The Wet Summer, poetry written by Carl Parsons at
Clark Young

The Wet Summer

The Wet Summer

written by: Carl Parsons


One summer there was it rained and rained.
The blue jays gathered to squabble and complain
in our hickory trees. It rained most often
in the day, for twenty days or thirty.
And the summer was mostly cold.
In the streets the people went their way
beneath umbrellas, and their boots
scattered rainbows on oil-slick pools.

The rain was soft, almost a mist.
But seemed to wash the world quite clean.
The slow-moving clouds and mists
Dipped down as if to kiss the musty ground.
The bark of the trees was wet and dark.
And the sun, when it came, how it pleased!
It would slant its light across their leaves.

So many years of drought and heat,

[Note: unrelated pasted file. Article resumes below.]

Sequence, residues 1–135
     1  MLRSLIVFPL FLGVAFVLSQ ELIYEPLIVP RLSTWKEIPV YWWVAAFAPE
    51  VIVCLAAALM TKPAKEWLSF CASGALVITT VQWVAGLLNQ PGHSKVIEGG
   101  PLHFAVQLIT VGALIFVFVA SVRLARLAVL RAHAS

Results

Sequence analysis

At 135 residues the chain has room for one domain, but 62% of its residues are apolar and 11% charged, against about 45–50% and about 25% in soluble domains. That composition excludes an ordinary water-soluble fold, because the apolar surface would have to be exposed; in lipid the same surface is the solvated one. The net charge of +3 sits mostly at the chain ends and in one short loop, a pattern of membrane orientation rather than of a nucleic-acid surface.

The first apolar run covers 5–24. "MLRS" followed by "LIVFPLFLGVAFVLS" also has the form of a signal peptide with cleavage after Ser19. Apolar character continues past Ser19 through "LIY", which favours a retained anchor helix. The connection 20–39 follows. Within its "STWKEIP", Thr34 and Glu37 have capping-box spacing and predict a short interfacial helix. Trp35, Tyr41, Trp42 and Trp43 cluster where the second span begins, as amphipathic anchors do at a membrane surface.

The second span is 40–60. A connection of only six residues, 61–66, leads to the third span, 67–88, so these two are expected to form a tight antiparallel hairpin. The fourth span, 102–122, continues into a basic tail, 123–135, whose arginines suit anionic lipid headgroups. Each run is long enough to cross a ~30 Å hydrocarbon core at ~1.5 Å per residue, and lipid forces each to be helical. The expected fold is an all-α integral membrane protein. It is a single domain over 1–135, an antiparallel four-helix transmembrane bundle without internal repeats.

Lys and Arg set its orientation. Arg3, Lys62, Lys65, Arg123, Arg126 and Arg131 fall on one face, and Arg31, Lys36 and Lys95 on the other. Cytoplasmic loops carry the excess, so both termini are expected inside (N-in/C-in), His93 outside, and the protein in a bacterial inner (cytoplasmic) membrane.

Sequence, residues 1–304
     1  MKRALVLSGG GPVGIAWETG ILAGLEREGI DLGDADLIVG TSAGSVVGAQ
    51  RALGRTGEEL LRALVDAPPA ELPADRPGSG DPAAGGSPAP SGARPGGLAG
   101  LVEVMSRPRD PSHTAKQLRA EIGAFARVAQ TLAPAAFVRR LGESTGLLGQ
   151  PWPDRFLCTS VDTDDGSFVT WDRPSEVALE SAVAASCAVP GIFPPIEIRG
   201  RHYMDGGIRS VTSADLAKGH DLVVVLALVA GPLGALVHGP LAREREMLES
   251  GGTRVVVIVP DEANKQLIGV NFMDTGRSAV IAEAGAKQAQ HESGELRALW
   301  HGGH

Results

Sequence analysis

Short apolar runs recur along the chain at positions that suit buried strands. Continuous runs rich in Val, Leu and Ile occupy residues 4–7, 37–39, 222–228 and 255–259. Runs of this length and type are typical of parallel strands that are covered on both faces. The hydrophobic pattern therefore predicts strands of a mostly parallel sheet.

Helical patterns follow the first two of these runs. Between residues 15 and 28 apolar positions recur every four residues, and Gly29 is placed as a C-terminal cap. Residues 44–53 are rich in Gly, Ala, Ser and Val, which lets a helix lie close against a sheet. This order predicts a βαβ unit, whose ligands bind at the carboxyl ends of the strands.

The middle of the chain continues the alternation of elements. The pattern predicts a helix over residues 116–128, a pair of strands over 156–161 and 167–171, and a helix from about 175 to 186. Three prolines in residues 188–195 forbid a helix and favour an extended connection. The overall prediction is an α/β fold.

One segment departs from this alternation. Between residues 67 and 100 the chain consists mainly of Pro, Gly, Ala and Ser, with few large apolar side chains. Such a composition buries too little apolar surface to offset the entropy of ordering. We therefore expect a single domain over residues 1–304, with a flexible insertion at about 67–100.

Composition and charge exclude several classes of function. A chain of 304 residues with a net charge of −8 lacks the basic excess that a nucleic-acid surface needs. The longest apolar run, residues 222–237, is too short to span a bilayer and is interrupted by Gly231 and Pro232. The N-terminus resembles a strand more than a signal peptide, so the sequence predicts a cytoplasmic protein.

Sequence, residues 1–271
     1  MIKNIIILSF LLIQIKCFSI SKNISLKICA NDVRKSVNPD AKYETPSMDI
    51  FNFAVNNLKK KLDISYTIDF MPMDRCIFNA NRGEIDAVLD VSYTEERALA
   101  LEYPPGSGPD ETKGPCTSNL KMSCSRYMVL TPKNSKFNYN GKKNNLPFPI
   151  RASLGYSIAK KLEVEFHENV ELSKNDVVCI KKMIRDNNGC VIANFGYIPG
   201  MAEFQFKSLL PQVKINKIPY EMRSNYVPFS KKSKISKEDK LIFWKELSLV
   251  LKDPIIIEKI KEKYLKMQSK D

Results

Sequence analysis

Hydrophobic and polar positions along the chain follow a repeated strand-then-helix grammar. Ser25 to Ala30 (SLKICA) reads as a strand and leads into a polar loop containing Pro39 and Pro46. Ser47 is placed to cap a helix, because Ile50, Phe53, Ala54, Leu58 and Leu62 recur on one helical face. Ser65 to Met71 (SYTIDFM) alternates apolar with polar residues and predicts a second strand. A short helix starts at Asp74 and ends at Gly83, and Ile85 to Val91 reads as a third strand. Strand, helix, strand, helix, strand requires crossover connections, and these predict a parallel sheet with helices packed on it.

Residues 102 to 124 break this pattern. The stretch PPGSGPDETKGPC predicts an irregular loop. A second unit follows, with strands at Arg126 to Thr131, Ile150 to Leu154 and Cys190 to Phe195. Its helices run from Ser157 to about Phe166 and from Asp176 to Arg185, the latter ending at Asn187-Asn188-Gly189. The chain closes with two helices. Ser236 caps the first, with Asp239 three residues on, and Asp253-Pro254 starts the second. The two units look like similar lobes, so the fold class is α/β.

everyone said, this we deserve for this we need:
the cisterns filled and the crops in the field
grown lush and fat for all to eat.

But several times in those summer’s nights
the sky would break apart and burst in fire.
Its flashes lighting up the neat, trimmed lawns
that filled with hail. It gathered in piles,
and I watched to see it twitch like one in agony or pain.
The neighborhood shook with bursts of thunder,
deafening even the sound of the hail
constantly crashing on our metal roof.

By morning, the mists would come again.
Then people would say the thunder was just
potato carts dumping down a hill.
But now the hickories gave off their scent,
as though we’d rubbed their green-shelled fruit
that swelled among their leaves and limbs.
Autumn was gaining fast we knew,
and in the brownness of its dry crisp days
this summer’s mists would melt away.

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